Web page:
Thiruvilayadal (1965 film)
|Directed by||A. P. Nagarajan|
|Produced by||A. P. Nagarajan|
|Written by||A. P. Nagarajan|
K. B. Sundarambal,
T. S. Balaiah,
T. R. Mahalingam
|Music by||K. V. Mahadevan|
|Cinematography||K. S. Prasad|
T. R. Natarajan
Sri Vijayalakshmi Pictures
|Distributed by||Sri Vijayalakshmi Pictures|
|Release dates||31 July 1965|
|Running time||154 mins|
Thiruvilayadal (The Divine Game) is a 1965 Indian Tamil mythological film directed by A. P. Nagarajan. The cast includes Sivaji Ganesan, R. Muthuraman, Savitri, Nagesh, Manorama, K. B. Sundarambal, T. R. Mahalingam and T. S. Balaiah. The film is based on Thiruvilayadal Puranam, a Saivite devotional epic.
Thiruvilayadal covers four stories in the Thiruvilaiyadal Puranam which is originally composed of 64 stories. The plot revolves around the "divine sport" of Lord Shiva (Sivaji Ganesan), who has the habit of testing his worshipers' devotion. The story begins when the Lord gives the sacred fruit brought by sage Narada to his elder son, Ganesha since he outsmarted his younger brother Muruga and won the sacred fruit in a competition for it. Muruga becomes angry and goes to the hill abode of Palani, wearing the clothes of a hermit sage. Goddess Parvathi (known as Sakthi here; played by the actress Savitri) comes and narrates the Thiruvilayadalgal ("Divine Games") of Lord Shiva to Murugan to calm him down.
She narrates the story of when the Lord opened his third eye, an episode in which the Lord comes to the city of Madurai of the Pandya Kingdom in the form of a poet. That time, the King Shenbaga Pandian (R. Muthuraman) wants to find out the answer to an unsolved question (whether the fragrance from a woman's hair is natural or caused by fragrant products she uses on her hair) and announces a reward of gold coins to anyone who comes up with an answer. Poet Dharumi (Nagesh) desperately wants this reward and starts breaking down in the temple of Shiva. Lord Shiva, having heard his cries, takes the form of a poet and gives him a poem containing the answer that he can use to get the reward. Overjoyed, Dharumi takes it to the court and recites the poem, but the talented poet of the Durbar, the great Tamil poet Nakkeerar (A. P. Nagarajan) claims it is incorrect. After numerous heavy arguments with Nakkeerar, Lord Shiva gets enraged and turns him into ashes. Later, he revives Nakkeerar and the latter tells the king to give the reward to Dharumi.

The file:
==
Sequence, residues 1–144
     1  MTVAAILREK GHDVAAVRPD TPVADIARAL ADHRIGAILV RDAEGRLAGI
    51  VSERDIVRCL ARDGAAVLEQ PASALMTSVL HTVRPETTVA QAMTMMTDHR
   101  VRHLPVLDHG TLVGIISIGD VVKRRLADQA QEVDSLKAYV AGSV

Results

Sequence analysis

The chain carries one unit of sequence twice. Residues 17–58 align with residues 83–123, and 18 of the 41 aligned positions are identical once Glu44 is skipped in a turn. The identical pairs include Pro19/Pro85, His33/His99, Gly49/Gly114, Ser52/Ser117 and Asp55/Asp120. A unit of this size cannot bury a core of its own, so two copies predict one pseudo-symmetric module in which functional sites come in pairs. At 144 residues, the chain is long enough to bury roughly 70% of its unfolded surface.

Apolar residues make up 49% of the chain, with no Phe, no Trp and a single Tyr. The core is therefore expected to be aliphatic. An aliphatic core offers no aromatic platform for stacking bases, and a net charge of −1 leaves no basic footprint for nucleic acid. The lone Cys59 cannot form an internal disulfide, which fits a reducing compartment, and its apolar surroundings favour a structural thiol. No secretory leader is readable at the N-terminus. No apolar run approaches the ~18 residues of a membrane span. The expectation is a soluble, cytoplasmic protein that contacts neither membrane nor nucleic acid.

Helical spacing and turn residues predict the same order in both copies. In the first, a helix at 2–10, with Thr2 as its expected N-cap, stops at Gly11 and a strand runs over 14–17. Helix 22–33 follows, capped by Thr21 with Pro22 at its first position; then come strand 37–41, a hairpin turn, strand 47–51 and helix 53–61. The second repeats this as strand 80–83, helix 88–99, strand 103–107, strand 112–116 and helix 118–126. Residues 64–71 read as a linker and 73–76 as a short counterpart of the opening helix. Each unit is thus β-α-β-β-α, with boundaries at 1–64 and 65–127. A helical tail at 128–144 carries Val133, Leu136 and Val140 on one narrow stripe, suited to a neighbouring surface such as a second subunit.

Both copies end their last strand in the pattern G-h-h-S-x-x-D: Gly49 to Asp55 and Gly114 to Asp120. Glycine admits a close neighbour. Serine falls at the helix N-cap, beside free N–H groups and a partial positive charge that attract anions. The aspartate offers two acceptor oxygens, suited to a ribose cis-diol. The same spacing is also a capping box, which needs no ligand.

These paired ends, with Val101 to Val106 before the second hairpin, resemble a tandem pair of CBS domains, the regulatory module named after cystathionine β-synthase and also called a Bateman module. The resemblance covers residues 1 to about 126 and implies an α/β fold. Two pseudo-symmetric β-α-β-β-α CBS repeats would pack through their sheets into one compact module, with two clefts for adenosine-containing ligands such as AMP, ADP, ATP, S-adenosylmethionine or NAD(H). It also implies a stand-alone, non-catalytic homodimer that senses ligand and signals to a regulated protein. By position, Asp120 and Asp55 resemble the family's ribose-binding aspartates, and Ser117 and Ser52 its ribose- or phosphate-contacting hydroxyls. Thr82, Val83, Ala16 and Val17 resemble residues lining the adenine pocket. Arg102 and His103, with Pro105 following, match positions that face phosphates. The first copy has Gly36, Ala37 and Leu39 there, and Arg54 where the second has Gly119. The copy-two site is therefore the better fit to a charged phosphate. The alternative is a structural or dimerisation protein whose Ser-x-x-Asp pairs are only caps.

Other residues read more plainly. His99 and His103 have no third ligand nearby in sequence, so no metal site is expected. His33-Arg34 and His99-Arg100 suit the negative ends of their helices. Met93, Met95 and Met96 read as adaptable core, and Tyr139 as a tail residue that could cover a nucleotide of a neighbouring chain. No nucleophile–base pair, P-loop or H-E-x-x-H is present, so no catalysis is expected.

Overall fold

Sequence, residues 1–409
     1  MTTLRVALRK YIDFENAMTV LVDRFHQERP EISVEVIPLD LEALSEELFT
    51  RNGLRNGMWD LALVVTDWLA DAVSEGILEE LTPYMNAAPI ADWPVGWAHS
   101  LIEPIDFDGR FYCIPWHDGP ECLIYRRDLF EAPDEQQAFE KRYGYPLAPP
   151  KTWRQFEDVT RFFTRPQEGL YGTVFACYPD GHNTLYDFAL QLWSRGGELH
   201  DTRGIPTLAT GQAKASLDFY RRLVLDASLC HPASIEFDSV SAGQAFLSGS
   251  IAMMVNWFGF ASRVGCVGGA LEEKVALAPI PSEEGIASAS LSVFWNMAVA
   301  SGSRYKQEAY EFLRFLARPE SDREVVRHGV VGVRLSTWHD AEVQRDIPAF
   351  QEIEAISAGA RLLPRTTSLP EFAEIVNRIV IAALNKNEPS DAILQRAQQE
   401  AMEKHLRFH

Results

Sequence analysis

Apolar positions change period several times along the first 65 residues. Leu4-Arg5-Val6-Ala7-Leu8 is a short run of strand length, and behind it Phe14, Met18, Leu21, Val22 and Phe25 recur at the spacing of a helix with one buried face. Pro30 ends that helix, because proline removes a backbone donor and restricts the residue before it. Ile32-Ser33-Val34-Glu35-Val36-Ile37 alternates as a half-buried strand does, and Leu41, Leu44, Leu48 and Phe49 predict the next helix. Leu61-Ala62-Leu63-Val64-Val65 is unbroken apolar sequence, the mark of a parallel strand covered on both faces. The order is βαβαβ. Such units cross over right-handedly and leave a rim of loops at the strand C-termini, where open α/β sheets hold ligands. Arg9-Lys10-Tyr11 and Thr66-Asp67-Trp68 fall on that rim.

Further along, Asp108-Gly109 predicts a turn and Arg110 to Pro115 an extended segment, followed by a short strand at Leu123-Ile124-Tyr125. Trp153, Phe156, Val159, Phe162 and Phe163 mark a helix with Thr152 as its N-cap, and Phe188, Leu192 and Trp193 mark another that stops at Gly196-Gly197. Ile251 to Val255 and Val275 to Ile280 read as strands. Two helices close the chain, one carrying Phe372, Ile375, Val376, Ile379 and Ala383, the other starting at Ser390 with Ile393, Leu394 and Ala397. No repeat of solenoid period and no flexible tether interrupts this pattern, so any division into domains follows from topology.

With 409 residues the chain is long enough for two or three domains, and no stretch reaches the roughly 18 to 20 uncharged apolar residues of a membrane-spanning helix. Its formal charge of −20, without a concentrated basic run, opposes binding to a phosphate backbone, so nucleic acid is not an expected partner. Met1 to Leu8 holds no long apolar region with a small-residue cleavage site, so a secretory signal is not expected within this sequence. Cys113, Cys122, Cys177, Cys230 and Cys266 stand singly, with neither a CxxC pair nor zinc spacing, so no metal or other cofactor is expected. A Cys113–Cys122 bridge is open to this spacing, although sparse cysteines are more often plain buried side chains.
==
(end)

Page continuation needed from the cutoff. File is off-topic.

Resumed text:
She also narrates another episode in which the Lord marries Dhatchayini (called Sakthi in this story) against the will of Dhatchayini's father Dhatchan. Dhatchan also performs a Mahayagna without inviting his son-in-law Lord Shiva. Sakthi asks permission to go to the ceremony but Shiva refuses to let her go because he was never invited to it. But Sakthi disobeys him and goes there, only to be insulted by Dhatchan. Sakthi curses her father and returns to the sanctuary of Shiva but he is angry with her. Sakthi asserts that they are two parts of a whole and that without her, there is no Shiva. Shiva refuses to agree with her and burns her to ashes trying to prove her wrong and performs his 'Mahathandava' dance with great fury. This catches the attention of the other devas and sages who talk some sense into Shiva. Shiva decides to restore life to Sakthi, as well as give her half of his body to prove that the world is made up of two halves: man and woman.